The Republic of Serbia ratified Council of Europe Convention on Action Against Trafficking in Human Beings on 14th of April 2009. Unlike other international instruments in the field of combating human trafficking, CoE Convention has a system of monitoring implementation and fulfillment of obligations taken by states that have signed it. The monitoring is conducted by Group of Experts on Action against Trafficking in Human Beings (GRETA), composed of 15 independent experts for different topics in the field of combating human trafficking. The first report for the Republic of Serbia was published today, whereas the set of recommendations for the country is expected in the beginning of February.
The complete report is available at http://www.coe.int/trafficking. Below, you can read executive summary of the report in which strengths and weaknesses of Serbia in combating trafficking and protecting its victims are highlighted.
The Serbian authorities have taken a number of important steps to prevent and combat trafficking in human beings. The national legal framework in the field of action against trafficking has evolved in the light of the country’s international commitments as well as the situation and trends of trafficking in Serbia. The social protection and aliens’ legislation provide for a number of rights for victims of human trafficking.
The institutional framework put in place aims to bring together in a co-ordinated effort all relevant actors. The post of National Co-ordinator for Combating Human Trafficking was created in 2001, and in 2002 the Republican Team for Combating Trafficking in Human Beings was set up as a forum at national level which brings together governmental bodies, non-governmental organisations and international organisations. Further, the Council for Combating Human Trafficking was established in 2004 as an expert advisory body to the Government. Finally, in 2012, the Centre for the Protection of Victims of Trafficking was set up for the purpose of performing the identification of victims and their referral to assistance. GRETA invites the Serbian authorities to continue developing co-ordination and to ensure that civil society is involved in the planning and implementation of national policy.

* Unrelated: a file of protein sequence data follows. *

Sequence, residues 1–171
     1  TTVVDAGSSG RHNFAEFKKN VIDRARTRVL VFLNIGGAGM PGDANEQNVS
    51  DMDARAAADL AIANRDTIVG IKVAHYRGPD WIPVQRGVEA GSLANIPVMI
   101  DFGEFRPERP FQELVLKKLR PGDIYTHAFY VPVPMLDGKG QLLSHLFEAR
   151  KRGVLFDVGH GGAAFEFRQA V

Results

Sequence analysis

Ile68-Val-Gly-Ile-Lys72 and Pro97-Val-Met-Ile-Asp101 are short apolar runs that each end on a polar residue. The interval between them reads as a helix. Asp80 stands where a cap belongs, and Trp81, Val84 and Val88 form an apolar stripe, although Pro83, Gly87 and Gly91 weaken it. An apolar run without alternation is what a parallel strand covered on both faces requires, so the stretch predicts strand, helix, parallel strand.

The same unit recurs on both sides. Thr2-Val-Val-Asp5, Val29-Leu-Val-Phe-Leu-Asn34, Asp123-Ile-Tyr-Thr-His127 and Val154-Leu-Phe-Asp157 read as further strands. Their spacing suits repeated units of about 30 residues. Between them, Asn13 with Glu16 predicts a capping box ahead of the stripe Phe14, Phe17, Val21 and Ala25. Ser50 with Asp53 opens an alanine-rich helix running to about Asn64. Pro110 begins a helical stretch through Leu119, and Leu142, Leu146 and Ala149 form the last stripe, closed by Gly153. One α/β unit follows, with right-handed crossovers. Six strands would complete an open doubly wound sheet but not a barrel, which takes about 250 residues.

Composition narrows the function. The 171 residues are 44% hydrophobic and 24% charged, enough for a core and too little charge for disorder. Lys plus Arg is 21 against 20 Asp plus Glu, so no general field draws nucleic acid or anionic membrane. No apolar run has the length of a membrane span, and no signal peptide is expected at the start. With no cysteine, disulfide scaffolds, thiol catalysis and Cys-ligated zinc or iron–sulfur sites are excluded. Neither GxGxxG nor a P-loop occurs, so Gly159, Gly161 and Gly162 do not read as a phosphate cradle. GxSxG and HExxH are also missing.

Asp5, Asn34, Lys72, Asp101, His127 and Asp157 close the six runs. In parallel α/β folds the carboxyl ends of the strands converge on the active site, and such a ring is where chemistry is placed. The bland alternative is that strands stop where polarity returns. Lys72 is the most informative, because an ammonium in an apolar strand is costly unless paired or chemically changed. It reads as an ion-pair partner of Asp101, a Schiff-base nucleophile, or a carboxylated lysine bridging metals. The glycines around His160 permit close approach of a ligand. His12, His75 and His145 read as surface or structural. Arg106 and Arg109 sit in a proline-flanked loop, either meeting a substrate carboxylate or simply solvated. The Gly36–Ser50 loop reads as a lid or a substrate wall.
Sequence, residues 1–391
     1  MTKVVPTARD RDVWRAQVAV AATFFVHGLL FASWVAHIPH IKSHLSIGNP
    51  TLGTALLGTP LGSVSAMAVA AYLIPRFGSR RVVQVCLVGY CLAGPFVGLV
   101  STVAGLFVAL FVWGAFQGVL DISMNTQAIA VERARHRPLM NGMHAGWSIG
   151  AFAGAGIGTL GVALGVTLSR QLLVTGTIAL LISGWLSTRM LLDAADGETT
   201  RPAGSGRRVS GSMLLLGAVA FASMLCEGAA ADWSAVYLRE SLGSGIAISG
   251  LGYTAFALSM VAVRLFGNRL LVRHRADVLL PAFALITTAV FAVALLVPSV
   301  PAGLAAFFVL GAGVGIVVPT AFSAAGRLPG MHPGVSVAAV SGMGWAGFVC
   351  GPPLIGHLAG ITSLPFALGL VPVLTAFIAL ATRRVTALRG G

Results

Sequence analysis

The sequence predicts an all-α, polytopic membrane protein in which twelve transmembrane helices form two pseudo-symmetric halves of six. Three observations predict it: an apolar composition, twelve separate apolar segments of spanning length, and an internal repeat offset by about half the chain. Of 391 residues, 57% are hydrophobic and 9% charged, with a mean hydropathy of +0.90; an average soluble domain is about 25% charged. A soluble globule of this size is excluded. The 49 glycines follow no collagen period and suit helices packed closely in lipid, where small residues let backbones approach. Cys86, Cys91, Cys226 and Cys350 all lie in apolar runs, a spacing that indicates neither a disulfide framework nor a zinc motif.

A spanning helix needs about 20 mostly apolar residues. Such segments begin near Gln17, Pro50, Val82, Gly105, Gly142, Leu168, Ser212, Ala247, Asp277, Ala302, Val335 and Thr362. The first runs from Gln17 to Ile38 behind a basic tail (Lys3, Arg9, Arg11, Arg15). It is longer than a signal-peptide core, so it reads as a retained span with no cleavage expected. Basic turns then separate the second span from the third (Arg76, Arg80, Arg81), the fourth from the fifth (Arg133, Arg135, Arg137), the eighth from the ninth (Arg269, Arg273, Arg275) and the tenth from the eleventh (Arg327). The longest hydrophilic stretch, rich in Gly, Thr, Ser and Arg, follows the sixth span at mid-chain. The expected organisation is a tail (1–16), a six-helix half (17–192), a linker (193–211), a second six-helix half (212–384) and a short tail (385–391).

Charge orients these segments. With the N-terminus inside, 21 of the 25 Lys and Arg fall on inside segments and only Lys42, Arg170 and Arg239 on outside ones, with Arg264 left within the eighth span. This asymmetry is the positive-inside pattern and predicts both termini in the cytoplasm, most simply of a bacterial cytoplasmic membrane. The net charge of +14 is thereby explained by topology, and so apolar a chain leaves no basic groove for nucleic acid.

Concerning prevention of human trafficking, GRETA welcomes the steps taken by the Serbian authorities, in collaboration with non-governmental and intergovernmental organisations, to raise general awareness of human trafficking, through information campaigns, school education and training of relevant professionals. GRETA also commends the measures taken vis-à-vis groups vulnerable to trafficking and considers that the authorities should continue to develop the aspect of prevention through social and economic empowerment measures. In this context, GRETA urges the authorities to secure the registration of all persons. Further, GRETA invites the authorities to strengthen their efforts to discourage demand for services of trafficked persons as regards all forms of exploitation.
GRETA welcomes the efforts made by the Serbian authorities to adopt a multidisciplinary approach to the identification of victims of trafficking through the setting up of the Centre for the Protection of Victims of Trafficking.